Imagine If You Couldn't Read This...
Learning to read well is a vitally important first step on a child's path to success - not just in school, but in life. Reading unlocks worlds of information and imagination. It's also tied to an increased high-school graduation rate.
Most parents want to be involved in helping their children to read, but some may feel intimidated about "teaching" reading. What can parents do to promote their children's success in reading?
An Important Tip
Start by remembering this important tip: the right approach to reading is the one that works for your child. There is no one best method of teaching reading. What works for one child may not work for another. For example, Carlos is strongly auditory: he can hear and remember the sounds letters make. Phonics, a reading strategy that starts by children learning letter sounds, then words containing those sounds, and finally the words in stories, is fine for him. But Susan is a visual learner who learns more easily with a "whole language" approach to reading. Whole language works the opposite way from phonics. First children learn to read by listening to stories while looking at words. Then they practice words from the stories, and finally they learn to sound words out.
There is nothing wrong with either child, or with either method. Carlos and Susan have different strengths; they need instruction that makes the most of those strengths. When all children are expected to learn by only one method, those whose strengths differ from that method are often labeled "problem readers." In fact, it's the method, not the reader, that is the problem. To boost your child's motivation and enjoyment of reading, learn to recognize your child's individual reading style. Numerous research studies show that when reading instruction matches, rather than mismatches, a child's preferred "reading style" (that is, those unique strengths that make learning to read easier with certain methods and not with others), then reading achievement and enjoyment increase significantly. If we focus on kids' strengths, not their weaknesses, they learn to read faster and better.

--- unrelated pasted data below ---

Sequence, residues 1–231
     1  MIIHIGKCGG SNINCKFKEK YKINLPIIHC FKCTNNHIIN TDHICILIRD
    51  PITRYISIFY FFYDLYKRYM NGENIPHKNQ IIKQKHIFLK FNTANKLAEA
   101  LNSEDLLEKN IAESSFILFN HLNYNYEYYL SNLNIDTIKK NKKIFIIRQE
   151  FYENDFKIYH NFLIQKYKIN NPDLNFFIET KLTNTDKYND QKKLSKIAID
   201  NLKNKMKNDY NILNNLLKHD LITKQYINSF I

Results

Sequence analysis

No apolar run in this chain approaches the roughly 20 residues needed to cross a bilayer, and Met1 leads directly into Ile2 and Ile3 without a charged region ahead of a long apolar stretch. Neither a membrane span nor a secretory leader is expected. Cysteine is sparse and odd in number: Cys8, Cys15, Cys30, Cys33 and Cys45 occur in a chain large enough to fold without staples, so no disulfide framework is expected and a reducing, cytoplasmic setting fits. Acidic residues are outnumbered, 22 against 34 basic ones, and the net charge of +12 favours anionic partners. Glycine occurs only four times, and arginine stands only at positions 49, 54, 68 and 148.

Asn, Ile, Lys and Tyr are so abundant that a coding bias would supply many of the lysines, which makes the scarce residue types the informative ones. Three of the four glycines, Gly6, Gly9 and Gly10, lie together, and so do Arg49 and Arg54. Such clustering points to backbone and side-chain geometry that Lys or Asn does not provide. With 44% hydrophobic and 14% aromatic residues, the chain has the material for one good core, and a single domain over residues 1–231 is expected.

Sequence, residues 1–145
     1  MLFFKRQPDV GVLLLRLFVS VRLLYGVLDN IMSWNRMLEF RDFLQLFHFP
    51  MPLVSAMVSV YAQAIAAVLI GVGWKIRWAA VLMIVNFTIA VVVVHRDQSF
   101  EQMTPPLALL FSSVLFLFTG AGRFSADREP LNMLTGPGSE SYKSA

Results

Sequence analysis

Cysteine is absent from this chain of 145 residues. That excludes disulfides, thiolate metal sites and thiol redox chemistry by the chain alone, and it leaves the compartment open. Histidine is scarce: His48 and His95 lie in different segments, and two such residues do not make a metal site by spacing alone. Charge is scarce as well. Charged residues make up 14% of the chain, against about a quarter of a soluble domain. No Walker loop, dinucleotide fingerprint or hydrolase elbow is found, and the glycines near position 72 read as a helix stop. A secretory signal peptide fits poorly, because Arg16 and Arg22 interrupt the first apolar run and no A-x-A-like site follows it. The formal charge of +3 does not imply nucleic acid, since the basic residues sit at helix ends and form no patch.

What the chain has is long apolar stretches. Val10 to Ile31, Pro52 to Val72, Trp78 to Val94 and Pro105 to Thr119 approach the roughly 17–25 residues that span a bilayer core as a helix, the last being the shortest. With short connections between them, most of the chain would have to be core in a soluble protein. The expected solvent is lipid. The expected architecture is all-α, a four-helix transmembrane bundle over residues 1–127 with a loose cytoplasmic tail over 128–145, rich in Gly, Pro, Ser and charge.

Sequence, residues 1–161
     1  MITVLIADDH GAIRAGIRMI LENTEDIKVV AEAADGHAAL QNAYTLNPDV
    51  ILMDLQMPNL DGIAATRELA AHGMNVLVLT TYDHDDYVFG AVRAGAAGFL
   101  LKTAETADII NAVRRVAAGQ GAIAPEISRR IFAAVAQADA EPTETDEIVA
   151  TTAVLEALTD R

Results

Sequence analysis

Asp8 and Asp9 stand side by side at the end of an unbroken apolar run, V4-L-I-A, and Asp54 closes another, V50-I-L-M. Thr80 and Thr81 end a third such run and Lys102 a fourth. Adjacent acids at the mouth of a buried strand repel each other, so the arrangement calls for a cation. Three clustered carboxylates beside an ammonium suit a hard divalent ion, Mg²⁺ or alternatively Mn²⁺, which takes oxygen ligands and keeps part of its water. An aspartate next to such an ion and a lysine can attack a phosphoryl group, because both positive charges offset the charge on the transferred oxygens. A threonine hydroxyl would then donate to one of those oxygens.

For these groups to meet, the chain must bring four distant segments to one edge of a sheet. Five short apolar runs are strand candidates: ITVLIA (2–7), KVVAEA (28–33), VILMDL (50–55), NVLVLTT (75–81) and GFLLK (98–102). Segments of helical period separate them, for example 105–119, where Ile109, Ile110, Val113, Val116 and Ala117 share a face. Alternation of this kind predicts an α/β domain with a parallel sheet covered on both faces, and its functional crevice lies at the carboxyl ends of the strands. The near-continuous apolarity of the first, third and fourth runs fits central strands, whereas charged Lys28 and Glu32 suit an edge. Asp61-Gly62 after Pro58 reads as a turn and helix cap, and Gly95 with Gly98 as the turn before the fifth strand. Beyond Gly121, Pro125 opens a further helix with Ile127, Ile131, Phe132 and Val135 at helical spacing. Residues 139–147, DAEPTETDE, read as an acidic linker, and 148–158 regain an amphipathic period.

Imagine how you'd feel if you weren't able to read this short article. Illiteracy is a sad reality for millions of adult Americans, preventing them from working at jobs of their choice, and keeping them in low-wage positions. There is no reason that your child cannot learn to read and comprehend well. Be encouraging and patient, and model an appreciation for reading yourself. You will be rewarded with your child's joyful cry, "Let me read you what I learned today!"